“This narghile has an early Qing Dynasty blue-and-white in the middle of this incredibly ornamented hookah,” says Adriana Proser, the museum’s chief curator of Asian art. “It really shows how treasured Chinese porcelains were during the Ottoman Empire.”
It’s an example of the cultural interactions and interconnectivity that the museum has emphasized in completely reconceiving its Asian and Islamic galleries after more than a decade since it last did so, in a new permanent section showcasing about 550 pieces. About 50 are on view at the Walters for the first time, thanks to recent conservation efforts and larger, redesigned exhibition spaces.
The galleries are organized around three broad geographic areas — Southeast Asia, South Asia and the Islamic world — with both the layout and exhibits underscoring “how these influences, religions, traditions were flowing from one place to another,” as Proser puts it. They are further divided to focus on subregions, including Japan and Korea; materials, like ceramics; and categories, such as weaponry.
Displays highlight strengths of the museum’s collection, including ceramics from China’s Qing Dynasty, art from Meiji-era Japan, and sculptures and other representations of the Buddha and bodhisattvas. A wooden Buddha from China dated to about A.D. 590 is one of the oldest known lacquer Buddhas in the world; in the back is a hollow cavity that would have been used to hold sacred scrolls. A top draw in the Islamic section is the dazzling gun of Ottoman Sultan Mahmud I: The work of both Muslim and Armenian artisans, it is decorated with over 3,000 gemstones and contains hidden compartments for a dagger and writing implements.
Several cases examine the role of stimulants across the region and the richly decorated objects created for their use, sharing and storage, including Japanese tobacco pipes; Chinese and Mongolian snuff bottles; teapots and serving vessels from several cultures; and Indonesian implements used with betel quid, a mixture of ingredients that is chewed like tobacco.
Of what’s newly on view, the standout is a thammat, or pulpit, from a 19th-century Thai Buddhist temple — one of the only known examples of its kind in a U.S. museum. The 12-foot-high wooden structure, made with hundreds of gilded glass pieces that glitter like metal, is in the form of a miniature temple. Its ornate design suggests it was donated to a temple by a member of the royal family.
Originally acquired by heiress and art collector Doris Duke in the 1950s or ’60s, the thammat was a gift from Duke’s foundation in 2002, but the Walters had been unable to display it. “It was in over 100 pieces,” Proser says. “Nobody had recorded how things were originally pieced together. So it was like a big puzzle” for conservators, who spent hundreds of hours refurbishing and reconstructing it. A time-lapse video reveals how it was done.
Curators consulted with the Wat Thai Washington, D.C., temple in Silver Spring to help contextualize the thammat, and visitors can watch a video of one of the monks, Thanat Inthisan, reciting from the Jataka tales of the Buddha’s past lives. The video is part of a new commitment by the museum to incorporate community voices to demonstrate how these works connect to local communities, rather than being mere historical artifacts.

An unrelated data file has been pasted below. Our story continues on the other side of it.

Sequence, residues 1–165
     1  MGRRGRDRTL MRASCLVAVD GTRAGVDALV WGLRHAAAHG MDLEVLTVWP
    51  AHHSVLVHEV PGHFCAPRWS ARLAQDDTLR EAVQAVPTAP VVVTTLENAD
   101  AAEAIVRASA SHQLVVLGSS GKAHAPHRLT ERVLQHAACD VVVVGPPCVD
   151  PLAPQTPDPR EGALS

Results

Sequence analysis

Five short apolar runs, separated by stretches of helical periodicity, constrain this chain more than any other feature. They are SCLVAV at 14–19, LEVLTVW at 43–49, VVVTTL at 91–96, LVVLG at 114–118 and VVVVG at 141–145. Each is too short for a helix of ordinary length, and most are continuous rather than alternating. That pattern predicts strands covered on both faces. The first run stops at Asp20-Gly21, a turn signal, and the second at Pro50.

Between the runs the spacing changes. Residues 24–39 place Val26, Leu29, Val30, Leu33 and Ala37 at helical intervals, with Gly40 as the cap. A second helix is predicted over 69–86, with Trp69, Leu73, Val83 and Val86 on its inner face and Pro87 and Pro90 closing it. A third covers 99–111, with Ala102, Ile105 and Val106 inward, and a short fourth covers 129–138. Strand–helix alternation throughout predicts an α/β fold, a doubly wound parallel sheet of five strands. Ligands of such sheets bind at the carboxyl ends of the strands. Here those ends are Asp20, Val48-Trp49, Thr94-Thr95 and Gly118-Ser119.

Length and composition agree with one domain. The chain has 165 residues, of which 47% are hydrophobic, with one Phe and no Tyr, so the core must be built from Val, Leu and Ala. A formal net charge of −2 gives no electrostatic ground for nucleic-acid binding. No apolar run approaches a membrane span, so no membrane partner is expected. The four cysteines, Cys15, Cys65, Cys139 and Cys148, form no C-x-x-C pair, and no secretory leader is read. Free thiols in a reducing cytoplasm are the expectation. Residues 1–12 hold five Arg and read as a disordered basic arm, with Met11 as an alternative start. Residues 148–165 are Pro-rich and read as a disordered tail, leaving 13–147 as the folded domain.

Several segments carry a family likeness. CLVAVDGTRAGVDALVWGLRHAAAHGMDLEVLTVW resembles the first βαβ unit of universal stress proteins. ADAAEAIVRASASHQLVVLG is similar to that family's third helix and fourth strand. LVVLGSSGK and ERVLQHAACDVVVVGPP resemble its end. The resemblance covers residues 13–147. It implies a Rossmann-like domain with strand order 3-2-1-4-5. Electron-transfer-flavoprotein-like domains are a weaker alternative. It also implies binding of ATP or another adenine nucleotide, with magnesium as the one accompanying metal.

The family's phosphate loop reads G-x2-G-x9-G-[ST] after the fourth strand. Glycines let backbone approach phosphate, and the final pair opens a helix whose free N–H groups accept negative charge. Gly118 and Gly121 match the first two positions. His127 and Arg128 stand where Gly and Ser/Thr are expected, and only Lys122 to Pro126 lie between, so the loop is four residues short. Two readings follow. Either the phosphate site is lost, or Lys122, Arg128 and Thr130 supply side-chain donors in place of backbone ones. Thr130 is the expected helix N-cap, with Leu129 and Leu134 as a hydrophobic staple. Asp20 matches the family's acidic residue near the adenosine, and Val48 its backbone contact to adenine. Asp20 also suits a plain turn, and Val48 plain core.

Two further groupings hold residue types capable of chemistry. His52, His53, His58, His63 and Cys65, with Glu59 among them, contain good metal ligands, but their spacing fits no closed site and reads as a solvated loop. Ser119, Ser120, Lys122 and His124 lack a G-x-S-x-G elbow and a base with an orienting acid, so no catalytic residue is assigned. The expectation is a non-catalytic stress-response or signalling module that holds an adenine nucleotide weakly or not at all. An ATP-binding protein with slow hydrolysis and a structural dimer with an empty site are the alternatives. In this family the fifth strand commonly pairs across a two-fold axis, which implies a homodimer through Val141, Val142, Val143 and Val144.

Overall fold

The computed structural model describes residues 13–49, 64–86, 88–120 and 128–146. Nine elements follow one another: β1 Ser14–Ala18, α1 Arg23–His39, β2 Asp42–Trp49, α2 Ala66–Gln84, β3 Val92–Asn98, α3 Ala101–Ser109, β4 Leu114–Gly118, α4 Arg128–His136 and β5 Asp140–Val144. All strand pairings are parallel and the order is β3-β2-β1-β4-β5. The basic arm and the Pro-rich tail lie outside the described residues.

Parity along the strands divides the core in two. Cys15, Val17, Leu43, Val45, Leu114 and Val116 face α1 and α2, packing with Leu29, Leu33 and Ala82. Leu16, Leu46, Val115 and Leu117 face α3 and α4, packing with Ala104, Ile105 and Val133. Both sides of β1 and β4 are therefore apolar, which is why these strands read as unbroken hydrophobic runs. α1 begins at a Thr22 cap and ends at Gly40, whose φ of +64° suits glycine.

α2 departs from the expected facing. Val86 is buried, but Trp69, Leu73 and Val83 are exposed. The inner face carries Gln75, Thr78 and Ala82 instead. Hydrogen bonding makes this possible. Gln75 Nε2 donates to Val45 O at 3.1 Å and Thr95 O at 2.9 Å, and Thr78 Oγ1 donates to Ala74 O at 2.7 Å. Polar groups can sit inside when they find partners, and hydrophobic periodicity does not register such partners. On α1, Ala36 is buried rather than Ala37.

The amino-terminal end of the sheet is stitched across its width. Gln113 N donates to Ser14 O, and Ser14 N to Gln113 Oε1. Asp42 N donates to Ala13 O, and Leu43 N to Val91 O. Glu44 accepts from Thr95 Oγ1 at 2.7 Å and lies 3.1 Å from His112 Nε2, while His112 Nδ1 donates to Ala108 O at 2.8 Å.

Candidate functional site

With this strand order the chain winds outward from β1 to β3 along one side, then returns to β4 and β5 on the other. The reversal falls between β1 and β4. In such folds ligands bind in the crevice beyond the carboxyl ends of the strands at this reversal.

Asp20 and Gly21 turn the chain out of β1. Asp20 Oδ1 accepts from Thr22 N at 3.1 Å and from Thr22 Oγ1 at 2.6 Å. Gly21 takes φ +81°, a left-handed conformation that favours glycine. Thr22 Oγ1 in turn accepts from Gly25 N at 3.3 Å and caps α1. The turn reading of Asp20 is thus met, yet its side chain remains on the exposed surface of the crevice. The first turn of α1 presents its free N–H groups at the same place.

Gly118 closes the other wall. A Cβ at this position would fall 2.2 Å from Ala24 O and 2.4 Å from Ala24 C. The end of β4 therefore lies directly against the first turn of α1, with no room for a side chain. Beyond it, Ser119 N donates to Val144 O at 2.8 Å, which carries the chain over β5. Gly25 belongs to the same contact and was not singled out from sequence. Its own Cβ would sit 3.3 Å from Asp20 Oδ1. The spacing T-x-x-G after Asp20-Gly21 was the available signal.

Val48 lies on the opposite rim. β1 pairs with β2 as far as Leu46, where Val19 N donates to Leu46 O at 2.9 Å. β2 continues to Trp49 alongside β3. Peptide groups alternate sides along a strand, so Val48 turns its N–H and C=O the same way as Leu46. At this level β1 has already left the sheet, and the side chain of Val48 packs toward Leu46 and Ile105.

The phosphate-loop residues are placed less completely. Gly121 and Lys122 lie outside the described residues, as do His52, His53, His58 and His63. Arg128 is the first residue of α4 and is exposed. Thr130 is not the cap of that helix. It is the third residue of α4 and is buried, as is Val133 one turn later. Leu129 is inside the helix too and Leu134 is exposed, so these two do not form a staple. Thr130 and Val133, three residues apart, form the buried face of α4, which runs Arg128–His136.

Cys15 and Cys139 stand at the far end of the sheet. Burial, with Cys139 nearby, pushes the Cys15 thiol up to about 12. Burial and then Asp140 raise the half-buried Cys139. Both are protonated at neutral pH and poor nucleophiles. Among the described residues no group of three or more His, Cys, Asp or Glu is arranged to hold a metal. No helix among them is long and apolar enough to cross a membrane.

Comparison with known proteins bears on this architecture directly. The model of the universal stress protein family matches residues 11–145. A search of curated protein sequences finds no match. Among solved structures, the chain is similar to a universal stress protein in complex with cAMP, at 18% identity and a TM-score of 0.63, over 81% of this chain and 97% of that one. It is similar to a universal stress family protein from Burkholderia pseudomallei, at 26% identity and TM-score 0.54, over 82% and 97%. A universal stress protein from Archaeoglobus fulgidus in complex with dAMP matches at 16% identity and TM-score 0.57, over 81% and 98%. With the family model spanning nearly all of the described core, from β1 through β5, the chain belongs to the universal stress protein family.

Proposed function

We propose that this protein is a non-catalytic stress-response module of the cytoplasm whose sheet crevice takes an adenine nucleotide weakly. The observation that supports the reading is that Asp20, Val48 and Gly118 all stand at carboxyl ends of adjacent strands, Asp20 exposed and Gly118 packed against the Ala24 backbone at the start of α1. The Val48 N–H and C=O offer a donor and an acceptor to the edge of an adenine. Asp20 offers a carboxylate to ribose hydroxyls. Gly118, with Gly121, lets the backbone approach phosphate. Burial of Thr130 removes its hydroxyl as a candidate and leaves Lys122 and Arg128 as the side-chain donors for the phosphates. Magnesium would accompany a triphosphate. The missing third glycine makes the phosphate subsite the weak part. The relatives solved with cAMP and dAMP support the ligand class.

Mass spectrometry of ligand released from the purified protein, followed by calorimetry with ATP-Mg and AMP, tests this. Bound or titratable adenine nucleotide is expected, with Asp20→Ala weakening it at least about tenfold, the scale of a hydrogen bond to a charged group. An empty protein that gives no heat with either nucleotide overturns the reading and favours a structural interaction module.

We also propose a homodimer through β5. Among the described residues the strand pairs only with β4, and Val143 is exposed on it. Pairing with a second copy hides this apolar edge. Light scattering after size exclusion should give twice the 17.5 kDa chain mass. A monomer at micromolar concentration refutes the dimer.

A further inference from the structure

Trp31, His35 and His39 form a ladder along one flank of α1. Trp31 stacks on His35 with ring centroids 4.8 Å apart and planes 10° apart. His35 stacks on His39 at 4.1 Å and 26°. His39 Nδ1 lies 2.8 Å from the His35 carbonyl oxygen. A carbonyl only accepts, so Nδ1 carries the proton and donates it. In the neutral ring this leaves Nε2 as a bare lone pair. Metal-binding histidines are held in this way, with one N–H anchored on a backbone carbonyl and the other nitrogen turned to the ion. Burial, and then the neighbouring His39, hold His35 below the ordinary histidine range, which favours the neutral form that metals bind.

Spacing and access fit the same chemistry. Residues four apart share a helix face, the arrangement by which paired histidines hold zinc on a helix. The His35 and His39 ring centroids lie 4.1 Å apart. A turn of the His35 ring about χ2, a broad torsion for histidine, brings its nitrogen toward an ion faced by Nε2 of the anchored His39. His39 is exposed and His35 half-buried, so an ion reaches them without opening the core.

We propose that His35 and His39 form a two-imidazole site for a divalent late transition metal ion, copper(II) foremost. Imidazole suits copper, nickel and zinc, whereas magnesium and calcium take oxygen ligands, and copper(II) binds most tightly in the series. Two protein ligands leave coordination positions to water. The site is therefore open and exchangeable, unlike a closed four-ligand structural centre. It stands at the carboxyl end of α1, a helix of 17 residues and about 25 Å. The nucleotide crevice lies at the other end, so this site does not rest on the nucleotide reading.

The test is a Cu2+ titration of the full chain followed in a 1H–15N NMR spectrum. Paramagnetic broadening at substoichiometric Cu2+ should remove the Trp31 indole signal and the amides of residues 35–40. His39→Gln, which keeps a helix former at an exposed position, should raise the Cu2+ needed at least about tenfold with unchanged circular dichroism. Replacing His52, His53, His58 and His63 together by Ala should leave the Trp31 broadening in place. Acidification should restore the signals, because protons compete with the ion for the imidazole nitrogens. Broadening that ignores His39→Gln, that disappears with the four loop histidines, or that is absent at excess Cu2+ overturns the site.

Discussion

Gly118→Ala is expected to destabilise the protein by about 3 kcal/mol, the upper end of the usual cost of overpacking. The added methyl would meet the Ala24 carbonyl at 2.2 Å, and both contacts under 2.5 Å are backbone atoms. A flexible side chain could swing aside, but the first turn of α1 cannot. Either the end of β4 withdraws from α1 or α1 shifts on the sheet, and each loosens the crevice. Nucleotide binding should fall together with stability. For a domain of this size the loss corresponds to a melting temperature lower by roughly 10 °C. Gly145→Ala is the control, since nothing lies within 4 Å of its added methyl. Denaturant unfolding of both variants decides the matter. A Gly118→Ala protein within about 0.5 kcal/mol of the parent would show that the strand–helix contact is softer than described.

The Islamic galleries — encompassing ceramics, metalwork, jewelry and manuscripts including Qurans — similarly aim to draw linkages with living cultures and real people, as well as illustrating the diversity of art and objects that tend to be grouped under the umbrella of a religion while often not being religious in nature.
“So often, displays of Islamic art kind of perpetuate this idea of Islam as this monolith,” says Ashley Dimmig, a guest curator and former postdoctoral fellow who worked on the reinstallation, “when in reality, Islamic art is a global art, and is incredibly diverse over one and a half millennia.”
Opening the section is a tile from 17th-century Iznik, a major Ottoman ceramics center, that diagrams the Great Mosque in Mecca, with the Kaaba at its center. A panel next to it tells the story of Omar ibn Said, a Senegalese-born Muslim scholar who was enslaved in the United States in the 19th century and wrote an Arabic-language autobiography, which mentioned his having made the pilgrimage to Mecca. While the juxtaposition might at first seem slightly incongruous, it makes a nice case for cultural linkages across time and space.
The museum also highlights contemporary artists with ties to these cultures. Alongside a folding album of calligraphy by Ottoman Turkish master calligrapher Seyh Hamdullah, who died in 1520, is a 2017 example by Mohamed Zakariya, an American Muslim calligrapher based in Arlington who has carried on Hamdullah’s tradition. A stunning 2018 mixed-media painting by Iranian-born American artist Arghavan Khosravi that incorporates an image of an ‘alam, or Shiite processional standard, hangs across from an actual iron and steel ‘alam made in Iran in roughly 1664.
Although the “Across Asia” galleries are permanent, some of the more sensitive textiles and works on paper will be regularly swapped out with other items. Most of the contemporary art is on loan and will likewise be replaced by other pieces in the future. Thus, just as the arts of Asia and the Islamic world are presented as expansive and dynamic, so will these galleries change over time, rewarding the repeat visitor.
Across Asia: Arts of Asia and the Islamic World
Walters Art Museum, 600 N. Charles St., Baltimore. 410-547-9000. thewalters.org.
Dates: On long-term view.